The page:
Meantime, her son had moved on to his third government job, nearly doubling his salary — to $11,340 — when he went to work on April 1, 1974, for the audit division of the Illinois Department of Transportation under Democratic Gov. Dan Walker and his lieutenant governor, Hartigan.

Henehan got three pay raises in less than a year and a half before leaving the state payroll on Sept. 15, 1975, two weeks after marrying McIntyre, his classmate at IIT-Chicago Kent College of Law.

They both got their law licenses in May 1976. That same month, Henehan also got his state license as a certified public accountant.

Henehan started a law practice in Cary, while McIntyre joined a Loop law firm. The first of their four children was born in 1978, and the couple soon opened their own law practice — Henehan & McIntyre Ltd. — in McHenry County.

McIntyre left the firm in 1996 when she was appointed an associate judge in McHenry County, an appointment she held until she won election as a circuit judge in 2000.

That was also the year her husband began engaging in a series of financial transactions with clients that led to his being stripped of his law license in 2009 for misdeeds including misspending nearly $100,000 of two clients’ money, the Sun-Times has reported.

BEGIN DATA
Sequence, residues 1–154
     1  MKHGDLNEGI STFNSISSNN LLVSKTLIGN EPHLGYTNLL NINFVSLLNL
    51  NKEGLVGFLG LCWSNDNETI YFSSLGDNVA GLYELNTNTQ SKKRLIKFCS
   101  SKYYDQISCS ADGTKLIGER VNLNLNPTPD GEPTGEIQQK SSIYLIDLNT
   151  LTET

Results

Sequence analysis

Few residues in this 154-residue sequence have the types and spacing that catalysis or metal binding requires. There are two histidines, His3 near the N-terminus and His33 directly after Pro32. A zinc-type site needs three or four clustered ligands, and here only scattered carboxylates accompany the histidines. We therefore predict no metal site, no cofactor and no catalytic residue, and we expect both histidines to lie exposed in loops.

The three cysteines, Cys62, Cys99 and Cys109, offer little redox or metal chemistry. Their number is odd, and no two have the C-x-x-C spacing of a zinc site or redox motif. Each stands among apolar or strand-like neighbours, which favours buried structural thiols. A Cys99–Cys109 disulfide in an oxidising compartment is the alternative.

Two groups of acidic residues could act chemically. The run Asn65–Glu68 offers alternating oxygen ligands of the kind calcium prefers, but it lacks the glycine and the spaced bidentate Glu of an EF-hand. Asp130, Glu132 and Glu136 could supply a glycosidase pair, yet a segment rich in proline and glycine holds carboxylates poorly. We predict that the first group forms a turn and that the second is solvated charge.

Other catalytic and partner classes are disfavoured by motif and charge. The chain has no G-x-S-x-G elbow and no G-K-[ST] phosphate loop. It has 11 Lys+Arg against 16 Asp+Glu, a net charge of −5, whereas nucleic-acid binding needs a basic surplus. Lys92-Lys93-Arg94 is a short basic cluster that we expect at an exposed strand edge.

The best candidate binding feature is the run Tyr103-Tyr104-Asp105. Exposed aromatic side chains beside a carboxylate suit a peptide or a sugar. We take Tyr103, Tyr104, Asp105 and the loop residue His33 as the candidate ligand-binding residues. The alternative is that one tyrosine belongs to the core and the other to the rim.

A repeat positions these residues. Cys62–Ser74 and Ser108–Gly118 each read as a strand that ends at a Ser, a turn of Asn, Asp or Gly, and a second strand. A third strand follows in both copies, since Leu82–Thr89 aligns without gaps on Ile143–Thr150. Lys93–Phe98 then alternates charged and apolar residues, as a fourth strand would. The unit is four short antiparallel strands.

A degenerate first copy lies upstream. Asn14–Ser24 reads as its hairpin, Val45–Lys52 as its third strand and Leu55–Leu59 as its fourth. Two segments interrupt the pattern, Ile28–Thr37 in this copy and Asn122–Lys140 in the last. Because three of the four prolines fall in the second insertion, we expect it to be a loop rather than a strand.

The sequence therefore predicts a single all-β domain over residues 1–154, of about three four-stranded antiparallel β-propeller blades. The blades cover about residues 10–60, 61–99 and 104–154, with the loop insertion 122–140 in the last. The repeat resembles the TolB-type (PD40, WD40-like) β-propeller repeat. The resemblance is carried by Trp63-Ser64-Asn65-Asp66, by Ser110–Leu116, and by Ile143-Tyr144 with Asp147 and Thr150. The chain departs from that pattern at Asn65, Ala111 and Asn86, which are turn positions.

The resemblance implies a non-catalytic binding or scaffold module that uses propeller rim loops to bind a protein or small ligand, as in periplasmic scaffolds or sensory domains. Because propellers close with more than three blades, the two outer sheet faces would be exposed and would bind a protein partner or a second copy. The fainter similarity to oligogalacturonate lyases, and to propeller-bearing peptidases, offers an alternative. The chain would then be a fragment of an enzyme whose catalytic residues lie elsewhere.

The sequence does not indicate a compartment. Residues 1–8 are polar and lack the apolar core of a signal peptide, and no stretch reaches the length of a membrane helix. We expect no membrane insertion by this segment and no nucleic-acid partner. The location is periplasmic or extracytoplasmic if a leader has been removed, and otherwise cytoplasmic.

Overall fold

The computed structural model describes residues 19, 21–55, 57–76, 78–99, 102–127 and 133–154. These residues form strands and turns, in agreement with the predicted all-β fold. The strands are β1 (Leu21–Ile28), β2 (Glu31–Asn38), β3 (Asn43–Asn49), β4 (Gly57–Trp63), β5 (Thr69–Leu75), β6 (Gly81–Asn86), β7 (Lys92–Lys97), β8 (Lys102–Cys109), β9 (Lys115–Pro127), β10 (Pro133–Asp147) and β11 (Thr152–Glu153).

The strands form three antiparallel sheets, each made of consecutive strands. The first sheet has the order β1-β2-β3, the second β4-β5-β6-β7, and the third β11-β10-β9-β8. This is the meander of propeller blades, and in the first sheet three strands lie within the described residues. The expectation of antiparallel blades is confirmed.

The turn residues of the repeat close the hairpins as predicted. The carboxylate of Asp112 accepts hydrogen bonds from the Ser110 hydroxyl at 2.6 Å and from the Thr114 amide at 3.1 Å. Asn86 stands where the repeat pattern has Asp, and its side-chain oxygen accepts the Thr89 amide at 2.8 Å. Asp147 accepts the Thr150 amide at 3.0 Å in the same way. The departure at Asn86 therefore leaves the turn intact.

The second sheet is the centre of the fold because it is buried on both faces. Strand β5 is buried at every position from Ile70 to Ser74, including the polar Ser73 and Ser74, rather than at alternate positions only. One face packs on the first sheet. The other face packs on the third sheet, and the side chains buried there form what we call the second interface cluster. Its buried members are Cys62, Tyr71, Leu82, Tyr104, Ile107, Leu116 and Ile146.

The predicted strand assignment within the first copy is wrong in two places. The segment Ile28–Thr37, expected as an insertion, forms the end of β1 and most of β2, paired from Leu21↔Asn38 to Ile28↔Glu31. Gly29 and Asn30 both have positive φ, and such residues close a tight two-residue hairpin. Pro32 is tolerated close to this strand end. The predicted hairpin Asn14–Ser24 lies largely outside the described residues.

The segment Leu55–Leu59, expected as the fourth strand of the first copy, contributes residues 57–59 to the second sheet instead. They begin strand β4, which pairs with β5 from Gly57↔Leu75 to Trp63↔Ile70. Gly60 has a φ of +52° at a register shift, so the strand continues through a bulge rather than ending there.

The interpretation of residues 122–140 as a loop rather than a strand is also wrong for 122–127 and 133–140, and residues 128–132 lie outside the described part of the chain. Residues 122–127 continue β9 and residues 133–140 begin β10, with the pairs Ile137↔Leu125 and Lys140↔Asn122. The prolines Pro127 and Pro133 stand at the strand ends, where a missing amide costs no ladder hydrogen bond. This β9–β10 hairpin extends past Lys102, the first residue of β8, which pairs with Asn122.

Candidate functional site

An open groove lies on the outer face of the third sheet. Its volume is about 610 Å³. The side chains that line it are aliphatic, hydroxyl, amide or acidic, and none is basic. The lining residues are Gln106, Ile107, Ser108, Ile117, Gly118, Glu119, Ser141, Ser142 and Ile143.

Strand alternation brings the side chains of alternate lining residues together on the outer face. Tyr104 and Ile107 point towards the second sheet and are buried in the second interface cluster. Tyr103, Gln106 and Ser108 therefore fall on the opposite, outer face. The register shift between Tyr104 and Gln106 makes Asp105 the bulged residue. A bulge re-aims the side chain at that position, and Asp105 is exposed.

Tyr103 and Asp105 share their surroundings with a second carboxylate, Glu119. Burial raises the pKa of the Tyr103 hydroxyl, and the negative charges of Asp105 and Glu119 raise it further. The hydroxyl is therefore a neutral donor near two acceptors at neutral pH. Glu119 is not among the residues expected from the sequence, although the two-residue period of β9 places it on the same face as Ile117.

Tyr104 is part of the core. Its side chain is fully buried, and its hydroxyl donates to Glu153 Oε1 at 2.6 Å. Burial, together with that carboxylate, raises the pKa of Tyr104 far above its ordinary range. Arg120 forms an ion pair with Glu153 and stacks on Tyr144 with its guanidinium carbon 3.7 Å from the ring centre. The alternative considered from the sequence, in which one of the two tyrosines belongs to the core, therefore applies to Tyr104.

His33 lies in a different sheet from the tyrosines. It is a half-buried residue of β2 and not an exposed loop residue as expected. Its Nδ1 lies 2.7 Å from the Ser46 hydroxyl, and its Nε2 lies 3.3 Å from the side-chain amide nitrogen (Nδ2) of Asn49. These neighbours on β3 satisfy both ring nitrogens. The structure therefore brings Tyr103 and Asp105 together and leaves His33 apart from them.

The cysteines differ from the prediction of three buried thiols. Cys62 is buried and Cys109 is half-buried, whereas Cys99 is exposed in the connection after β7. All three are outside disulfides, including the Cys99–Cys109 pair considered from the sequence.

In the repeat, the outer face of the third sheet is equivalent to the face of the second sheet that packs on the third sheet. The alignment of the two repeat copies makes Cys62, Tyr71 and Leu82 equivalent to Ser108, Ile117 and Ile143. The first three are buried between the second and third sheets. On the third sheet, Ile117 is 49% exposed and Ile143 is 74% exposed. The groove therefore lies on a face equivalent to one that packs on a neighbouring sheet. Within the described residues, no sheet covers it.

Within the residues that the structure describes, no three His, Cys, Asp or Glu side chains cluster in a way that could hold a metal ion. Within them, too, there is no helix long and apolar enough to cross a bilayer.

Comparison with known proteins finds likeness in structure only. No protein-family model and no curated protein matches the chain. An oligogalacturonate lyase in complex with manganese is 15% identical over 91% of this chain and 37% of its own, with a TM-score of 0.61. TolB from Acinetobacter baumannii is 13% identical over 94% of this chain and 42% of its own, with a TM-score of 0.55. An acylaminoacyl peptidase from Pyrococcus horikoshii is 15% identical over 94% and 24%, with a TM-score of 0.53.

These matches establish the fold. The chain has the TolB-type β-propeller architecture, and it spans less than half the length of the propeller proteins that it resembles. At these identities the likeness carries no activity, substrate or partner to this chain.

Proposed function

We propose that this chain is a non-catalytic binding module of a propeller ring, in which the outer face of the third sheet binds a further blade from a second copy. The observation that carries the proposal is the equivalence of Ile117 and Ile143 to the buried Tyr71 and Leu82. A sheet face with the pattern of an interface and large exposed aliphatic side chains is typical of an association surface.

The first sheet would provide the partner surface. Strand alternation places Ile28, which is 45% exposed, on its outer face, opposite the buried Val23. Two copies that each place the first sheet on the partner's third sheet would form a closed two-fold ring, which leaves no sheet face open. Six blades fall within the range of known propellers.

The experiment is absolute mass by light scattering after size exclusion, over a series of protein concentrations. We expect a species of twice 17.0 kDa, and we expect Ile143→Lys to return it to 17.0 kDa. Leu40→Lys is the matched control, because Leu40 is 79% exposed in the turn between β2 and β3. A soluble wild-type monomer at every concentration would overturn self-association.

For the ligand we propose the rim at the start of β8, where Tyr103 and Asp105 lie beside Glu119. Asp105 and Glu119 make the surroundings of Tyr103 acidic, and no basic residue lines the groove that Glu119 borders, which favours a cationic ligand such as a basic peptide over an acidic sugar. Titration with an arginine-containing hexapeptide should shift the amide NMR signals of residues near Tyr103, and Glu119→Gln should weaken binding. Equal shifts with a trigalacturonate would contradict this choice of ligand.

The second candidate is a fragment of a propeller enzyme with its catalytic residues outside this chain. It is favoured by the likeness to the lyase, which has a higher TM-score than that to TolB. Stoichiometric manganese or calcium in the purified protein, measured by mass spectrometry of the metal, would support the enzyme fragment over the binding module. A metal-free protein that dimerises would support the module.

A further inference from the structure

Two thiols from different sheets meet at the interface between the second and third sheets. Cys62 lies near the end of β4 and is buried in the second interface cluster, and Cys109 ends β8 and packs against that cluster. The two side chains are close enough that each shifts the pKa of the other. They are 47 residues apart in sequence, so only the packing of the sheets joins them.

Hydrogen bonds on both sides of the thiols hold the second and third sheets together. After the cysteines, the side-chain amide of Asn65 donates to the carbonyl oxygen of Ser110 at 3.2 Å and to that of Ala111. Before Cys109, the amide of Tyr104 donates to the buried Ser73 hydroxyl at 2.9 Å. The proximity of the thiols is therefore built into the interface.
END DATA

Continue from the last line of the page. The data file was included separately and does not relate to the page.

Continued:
In 2006, the judge divorced Henehan, who, records show, owed more than $700,000 in court judgments to his former law clients and $21,110 in federal income taxes to the Internal Revenue Service. McIntyre got most of the couple’s joint assets in the divorce, including their Barrington Hills home, though her ex has continued to live with her, records show.

David Matthiesen — a retired businessman whose late father sued Henehan over four unpaid loans and won a $471,534 judgment — has called the couple’s living situation “a divorce of convenience, where he still lived in the house,” telling the Sun-Times last month, “It helped separate her from his problems.”

Neither McIntyre nor Henehan responded to requests for comment.

McIntyre got the Vanecko case after Cook County Circuit Judge Arthur Hill Jr., who was originally assigned the case, stepped aside, citing his ties to Daley, whom he’d worked for as a prosecutor when Daley was Cook County state’s attorney.

Webb successfully argued that the case should go to a judge outside Cook County to try to avoid such potential conflicts of interest. The Illinois Supreme Court then shifted the case to McHenry County, whose chief judge, Michael Sullivan, gave it to McIntyre, a juvenile court judge.